Leaf-cutting ants, as their name implies, cut leaves. Instead of hunting or scavenging for prey, they actively cut leaves and bring them back to their nest. These leaves are processed by smaller workers, and incorporated in to the fungus they cultivate. Furthermore, they manure the fungus by defecating on it. In turn this fungus happily produces little edible structures called gongylidia, which the ants eat.
However, now a conflict of interests arises. To illustrate, we humans grow many different crops for two reasons:
1) We like variety.
2) If we grow only one crop, and a disease breaks out, we would be left without food.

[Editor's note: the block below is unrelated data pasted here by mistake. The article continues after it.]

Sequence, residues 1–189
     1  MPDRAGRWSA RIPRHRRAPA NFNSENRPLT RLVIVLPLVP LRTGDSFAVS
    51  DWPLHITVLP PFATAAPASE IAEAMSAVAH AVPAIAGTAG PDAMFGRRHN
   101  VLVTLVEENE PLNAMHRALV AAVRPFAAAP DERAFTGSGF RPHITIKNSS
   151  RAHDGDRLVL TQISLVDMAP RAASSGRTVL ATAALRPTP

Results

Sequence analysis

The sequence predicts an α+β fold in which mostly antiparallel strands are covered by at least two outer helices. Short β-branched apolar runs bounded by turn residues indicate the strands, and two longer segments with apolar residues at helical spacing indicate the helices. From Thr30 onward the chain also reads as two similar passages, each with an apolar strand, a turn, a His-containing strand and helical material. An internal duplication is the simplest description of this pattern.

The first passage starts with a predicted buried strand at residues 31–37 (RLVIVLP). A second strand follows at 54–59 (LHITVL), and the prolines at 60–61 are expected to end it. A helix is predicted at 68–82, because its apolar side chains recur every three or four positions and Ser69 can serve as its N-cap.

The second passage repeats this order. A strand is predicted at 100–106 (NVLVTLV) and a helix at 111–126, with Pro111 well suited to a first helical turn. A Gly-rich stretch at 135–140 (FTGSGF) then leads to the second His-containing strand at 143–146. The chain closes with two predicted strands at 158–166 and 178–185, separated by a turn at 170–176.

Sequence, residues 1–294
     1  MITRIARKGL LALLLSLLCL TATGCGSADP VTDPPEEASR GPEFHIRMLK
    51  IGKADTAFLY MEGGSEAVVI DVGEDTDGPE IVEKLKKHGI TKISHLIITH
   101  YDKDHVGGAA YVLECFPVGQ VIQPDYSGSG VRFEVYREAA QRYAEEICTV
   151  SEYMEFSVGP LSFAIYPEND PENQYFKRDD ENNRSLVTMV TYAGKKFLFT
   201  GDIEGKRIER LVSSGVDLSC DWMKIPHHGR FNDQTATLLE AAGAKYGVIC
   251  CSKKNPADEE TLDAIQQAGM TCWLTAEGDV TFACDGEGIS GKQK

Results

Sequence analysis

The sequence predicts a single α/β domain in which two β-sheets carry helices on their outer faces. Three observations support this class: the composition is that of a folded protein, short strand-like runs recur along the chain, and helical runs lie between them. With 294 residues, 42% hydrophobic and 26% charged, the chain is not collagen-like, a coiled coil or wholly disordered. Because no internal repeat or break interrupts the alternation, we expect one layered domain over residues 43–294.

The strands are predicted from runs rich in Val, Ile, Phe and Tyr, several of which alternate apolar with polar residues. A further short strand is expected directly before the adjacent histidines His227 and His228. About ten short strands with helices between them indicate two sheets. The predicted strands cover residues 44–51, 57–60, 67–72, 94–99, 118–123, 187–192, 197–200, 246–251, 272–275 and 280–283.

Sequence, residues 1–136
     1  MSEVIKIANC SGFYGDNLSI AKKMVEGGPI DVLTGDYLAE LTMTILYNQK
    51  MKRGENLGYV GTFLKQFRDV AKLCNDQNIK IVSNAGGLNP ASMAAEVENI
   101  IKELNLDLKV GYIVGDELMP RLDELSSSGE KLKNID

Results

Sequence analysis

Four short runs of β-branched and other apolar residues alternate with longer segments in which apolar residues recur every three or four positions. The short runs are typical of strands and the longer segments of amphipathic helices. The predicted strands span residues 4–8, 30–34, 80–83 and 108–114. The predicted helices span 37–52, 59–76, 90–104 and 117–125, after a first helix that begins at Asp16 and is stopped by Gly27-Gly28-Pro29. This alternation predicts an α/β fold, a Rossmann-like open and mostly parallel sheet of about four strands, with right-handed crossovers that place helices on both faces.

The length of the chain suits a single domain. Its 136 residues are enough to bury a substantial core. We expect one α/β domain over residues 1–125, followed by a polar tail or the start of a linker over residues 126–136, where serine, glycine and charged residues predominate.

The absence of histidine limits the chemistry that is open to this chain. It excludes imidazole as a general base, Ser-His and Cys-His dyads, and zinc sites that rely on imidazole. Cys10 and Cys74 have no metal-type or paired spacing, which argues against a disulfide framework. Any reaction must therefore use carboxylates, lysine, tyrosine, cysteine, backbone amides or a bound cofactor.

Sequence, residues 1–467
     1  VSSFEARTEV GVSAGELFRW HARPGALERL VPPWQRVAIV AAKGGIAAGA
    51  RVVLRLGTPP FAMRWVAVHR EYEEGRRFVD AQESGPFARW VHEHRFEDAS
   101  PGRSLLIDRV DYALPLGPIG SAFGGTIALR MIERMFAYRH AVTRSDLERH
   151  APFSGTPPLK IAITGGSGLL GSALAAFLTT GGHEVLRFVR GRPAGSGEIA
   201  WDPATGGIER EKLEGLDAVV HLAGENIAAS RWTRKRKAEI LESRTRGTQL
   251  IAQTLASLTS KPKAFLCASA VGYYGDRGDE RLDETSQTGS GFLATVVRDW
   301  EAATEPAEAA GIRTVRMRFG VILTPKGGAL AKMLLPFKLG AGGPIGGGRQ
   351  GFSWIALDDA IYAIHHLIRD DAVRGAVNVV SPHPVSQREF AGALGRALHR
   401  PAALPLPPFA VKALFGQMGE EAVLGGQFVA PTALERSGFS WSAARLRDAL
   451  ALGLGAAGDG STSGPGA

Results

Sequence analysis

Number two is also very important for the ants. For them it would be great to grow different strains of fungus to prevent diseases from ruining their food-supply. However, the fungus doesn’t agree with this, as it also has its wants and needs, and it mostly wants to have as many offspring as possible. Therefore, it tries to secure its position and be the only fungus that the ants can cultivate!
To do this, the fungus exploits the ants’ way of manuring. It adds compounds to its gongylidia, which do not get broken down in the gut of the ants when they eat them. These compounds remain present in the manure, and will attack any fungus except for the one that made them. Therefore, even if the ants would try to grow a new fungus by manuring it, they would actually kill it!
This leaves the ants with only one fungus to cultivate. How do they prevent it from getting sick all the time? That will be the topic for next time!
Poulsen & Boomsma (2005). Mutualistic fungi control crop diversity in fungus-growing ants. Science 307: 741-744